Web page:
He credits that teacher as the first person "besides immediate family to reach out to me and open up a world that I would have never known existed. It literally changed my life. You remember what you go through as a kid, what's going to make you listen, what's going to make you respond. I held onto that. People who treated me like that when I was younger got every bit of respect and attention I could give them, because I knew that they were coming at me from almost an equal level.
"Teaching is a truly noble profession. It's sad the amount of responsibility that teachers have today. They're not only teaching kids, they're raising kids, policing kids—and they don't make a lot of money. If I get the chance to be philanthropic, I want to help kids and teachers." If Martin were not an actor, he "would have loved to teach."
After graduating from the Buffalo School for Performing Arts, he attended NYU's Tisch School of the Arts, and then toured "almost a year" as a member of John Houseman's Acting Company. He later worked regionally at Hartford Stage, Arena Stage, Cleveland Playhouse and the Actors Theatre of Louisville. Ten years ago, Martin made his Broadway debut in Tony Randall's National Actors Company production of Timon of Athens. Playing the roles of Alcibiades' officer and the Second Masseur, he also understudied Michael Cumpsty as Alcibiades. "I was really excited to be in a show on Broadway. It was a huge show. Brian Bedford [in the title role] was absolutely amazing to watch each night, and there was an actor named John Franklyn-Robbins [as Apemantus, a cynic] who was just phenomenal. It was a nice learning experience, and I actually got paid."
With the same company the following year, he played Abdulin, a merchant, in The Government Inspector. Off-Broadway credits include Ring of Men, with the Ensemble Studio Theatre. At the Manhattan Theatre Club he did The Prince and the Pauper and Arabian Nights. Of the latter, Martin recalls, "I absolutely loved it! Besides Rent, it's probably the most creative I've ever been allowed to be onstage."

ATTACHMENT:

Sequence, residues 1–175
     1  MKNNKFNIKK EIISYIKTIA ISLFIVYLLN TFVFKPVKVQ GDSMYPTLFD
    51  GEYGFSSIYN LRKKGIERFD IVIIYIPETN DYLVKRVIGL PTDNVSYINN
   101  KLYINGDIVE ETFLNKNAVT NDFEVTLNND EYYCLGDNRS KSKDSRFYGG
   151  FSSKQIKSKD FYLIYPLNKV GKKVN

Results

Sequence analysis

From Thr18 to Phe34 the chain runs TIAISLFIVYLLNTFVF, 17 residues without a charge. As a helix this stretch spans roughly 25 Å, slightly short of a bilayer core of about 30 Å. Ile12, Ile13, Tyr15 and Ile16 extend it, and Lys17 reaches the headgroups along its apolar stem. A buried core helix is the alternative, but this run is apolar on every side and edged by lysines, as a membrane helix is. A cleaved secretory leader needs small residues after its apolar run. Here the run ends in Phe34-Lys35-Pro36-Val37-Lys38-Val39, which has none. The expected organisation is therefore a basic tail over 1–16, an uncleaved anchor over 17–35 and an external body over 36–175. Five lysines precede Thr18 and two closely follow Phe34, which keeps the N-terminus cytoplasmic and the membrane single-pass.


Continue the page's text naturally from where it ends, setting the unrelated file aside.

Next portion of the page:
Between plays and trying to get work on soaps and commercials, Martin spent seven years waiting tables on and off. During a week that he worked at the Moondance Diner, he met a waiter named Jonathan Larson. "The place was open 24 hours, and Jonathan trained me when I had to work overnight. He told me he was a composer. By the end of the week, I quit; I got a job on 'New York Undercover.'
"The next time I saw Jonathan was at the auditions for Rent. It was several months later, and at first we couldn't figure out how we knew each other." Martin was cast as Tom Collins, a character who's HIV positive. It's well known that, following the invited dress rehearsal of Rent, Larson died of an aortic aneurysm.
It was decided to not have an opening night, but to do a sit-down sing-through, without make-up or costumes, for family and friends. "It was the hardest thing I think I've ever done," recounts Martin. "I remember singing and having what felt like an Oreo stuck in my throat. That lasted about four weeks. The cast and the crew felt that we really owed it to Jonathan to tell the story the best way we could. We were aware that we weren't done; it was supposed to be a workshop. It turned out really well because it had to. We stuck together, we galvanized, we became very tight with Jonathan's parents."
In the whirlwind during which the show received the Pulitzer Prize, transferred to Broadway, and won a Tony Award as Best Musical, Martin recalls, "We always said, 'Six years from now, I'm gonna be able to sit down and say, "Wow, that was amazing!"' But at the time, it was hard to do that. First of all, it was a lot of work. Secondly, you were so wrapped up in what you needed to do, in order to propel this story into the universe. We didn't have a chance to enjoy it while we were doing it. We were on a mission. It wasn't until many years later that I could actually appreciate what it was that we did." Martin has remained friendly "with almost everyone" in the cast.
He and Rent's Adam Pascal were two of the four producers of the Off-Broadway success Fully Committed. In "The Restaurant," a 1998 feature about waiters in an upscale Hoboken establishment, one of Martin's co-stars was Adrien Brody. "He was always getting something big. You knew that, at some point, Adrien was going to bust a move. I had no idea that it was going to be something as amazing as 'The Pianist.' He totally deserved the Oscar."